My series on Canadian copyright, fair dealing, and education has thus far explored spending and revenue data at universities and publishers as well as explained why the Access Copyright licence is diminishing in value. This post provides original data on the impact of site licensing at universities across Canada. It is these licences, together with open access and freely available online materials, that have largely replaced the Access Copyright licence, with fair dealing playing a secondary role. Site licensing now comprises the lion share of acquisition budgets at Canadian libraries, who have widely adopted digital-first policies. The specific terms of the licences vary, but most grant rights for use in course management systems or e-reserves, which effectively replaces photocopies with paid digital access. Moreover, many licences are purchased in perpetuity, meaning that the rights to the works have been fully compensated for an unlimited period. The vast majority of these licenses have been purchased since 2012, yet another confirmation that fair dealing has not resulted in less spending on copyright works.
Archive for May 24th, 2018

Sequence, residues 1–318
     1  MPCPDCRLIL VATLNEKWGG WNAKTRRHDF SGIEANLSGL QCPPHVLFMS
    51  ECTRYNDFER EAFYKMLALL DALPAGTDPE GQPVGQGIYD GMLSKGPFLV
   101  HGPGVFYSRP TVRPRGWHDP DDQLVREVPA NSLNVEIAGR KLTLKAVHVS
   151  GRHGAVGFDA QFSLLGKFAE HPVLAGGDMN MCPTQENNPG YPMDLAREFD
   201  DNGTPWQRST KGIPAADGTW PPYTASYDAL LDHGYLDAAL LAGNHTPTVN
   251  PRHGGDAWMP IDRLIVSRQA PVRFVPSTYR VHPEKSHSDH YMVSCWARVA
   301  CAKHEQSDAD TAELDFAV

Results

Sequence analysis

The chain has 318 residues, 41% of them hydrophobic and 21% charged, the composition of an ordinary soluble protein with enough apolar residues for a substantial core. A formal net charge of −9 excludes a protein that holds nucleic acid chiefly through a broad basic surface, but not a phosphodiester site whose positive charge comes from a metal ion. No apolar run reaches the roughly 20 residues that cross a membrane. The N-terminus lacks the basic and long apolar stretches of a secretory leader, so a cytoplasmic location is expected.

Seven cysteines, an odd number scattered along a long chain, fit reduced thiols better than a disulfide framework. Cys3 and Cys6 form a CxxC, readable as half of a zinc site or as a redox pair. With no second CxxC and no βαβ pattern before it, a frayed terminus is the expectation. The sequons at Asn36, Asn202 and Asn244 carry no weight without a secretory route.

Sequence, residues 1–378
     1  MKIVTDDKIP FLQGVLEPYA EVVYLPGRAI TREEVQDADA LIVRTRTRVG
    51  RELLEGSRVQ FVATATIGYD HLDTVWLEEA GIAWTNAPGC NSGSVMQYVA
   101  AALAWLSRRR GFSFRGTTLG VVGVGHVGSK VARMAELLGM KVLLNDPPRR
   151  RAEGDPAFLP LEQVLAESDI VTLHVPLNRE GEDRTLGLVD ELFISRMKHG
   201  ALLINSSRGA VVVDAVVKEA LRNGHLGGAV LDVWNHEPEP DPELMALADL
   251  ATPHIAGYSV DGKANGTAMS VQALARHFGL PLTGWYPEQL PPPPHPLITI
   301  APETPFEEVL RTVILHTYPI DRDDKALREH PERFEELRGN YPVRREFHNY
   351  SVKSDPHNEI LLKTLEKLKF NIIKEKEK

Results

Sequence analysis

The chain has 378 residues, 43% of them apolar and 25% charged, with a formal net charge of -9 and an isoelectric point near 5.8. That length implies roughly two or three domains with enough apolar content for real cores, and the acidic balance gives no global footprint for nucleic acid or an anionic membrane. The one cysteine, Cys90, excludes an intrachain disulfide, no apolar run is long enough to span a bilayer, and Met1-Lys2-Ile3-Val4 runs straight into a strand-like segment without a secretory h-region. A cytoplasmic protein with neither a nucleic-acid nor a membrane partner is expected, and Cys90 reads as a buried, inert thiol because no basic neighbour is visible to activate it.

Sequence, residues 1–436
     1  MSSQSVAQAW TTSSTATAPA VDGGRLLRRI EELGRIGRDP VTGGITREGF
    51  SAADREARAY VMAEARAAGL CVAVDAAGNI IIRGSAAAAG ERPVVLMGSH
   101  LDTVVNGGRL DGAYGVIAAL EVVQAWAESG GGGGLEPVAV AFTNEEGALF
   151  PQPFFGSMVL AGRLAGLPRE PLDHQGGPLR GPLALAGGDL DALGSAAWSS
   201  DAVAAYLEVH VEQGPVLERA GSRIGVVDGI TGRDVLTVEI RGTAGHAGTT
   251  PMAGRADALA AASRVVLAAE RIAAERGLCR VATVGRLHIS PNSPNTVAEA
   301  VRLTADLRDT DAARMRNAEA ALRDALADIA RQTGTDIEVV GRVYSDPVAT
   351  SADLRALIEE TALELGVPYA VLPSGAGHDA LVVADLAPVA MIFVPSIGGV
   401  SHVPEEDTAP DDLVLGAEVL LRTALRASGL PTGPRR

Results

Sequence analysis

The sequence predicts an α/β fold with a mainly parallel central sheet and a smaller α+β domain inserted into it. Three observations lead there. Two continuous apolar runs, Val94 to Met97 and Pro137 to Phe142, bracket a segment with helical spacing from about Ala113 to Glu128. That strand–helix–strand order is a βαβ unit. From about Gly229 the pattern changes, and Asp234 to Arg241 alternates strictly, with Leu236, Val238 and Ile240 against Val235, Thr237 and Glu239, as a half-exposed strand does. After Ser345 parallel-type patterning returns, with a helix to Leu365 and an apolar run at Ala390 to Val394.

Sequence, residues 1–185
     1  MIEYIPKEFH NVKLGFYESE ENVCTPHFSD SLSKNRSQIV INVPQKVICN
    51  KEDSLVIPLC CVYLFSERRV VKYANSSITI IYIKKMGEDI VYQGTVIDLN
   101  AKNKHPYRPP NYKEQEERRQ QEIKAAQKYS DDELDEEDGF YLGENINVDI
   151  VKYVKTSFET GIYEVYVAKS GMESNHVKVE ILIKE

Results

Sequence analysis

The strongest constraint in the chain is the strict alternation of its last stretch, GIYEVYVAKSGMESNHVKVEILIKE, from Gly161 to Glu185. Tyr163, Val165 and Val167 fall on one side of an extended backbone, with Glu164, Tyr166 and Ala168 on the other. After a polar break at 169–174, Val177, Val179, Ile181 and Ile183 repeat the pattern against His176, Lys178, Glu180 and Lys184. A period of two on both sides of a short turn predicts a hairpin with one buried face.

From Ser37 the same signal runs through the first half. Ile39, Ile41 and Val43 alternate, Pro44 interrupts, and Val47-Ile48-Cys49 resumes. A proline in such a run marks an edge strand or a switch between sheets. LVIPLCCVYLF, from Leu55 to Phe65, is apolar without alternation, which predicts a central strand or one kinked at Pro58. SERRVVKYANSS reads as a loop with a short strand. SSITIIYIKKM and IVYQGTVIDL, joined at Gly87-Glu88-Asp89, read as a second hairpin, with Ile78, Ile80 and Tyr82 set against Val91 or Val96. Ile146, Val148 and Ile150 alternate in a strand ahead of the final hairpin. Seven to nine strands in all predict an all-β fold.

Episode 132: Ryan Black on the Government's Latest Attempt at Privacy Law Reform
June 27, 2022
June 20, 2022
June 13, 2022
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- CRTC Ruling Signals How Bill C-11 Could Be Used To Regulate Internet Content
- The Missing Bill C-18 Charter Statement: Why Did the Justice Department Remove the Document Confirming the Online News Act Includes Payments for Internet Linking?
- The Law Bytes Podcast, Episode 132: Ryan Black on the Government’s Latest Attempt at Privacy Law Reform
- CRTC Chair Ian Scott Confirms Bill C-11 Can Be Used To Pressure Internet Platforms to Manipulate Algorithms
- My Appearance Before the Senate Transport and Communications Committee on Bill C-11: The Senate Starts Review As Bill Receives House Approval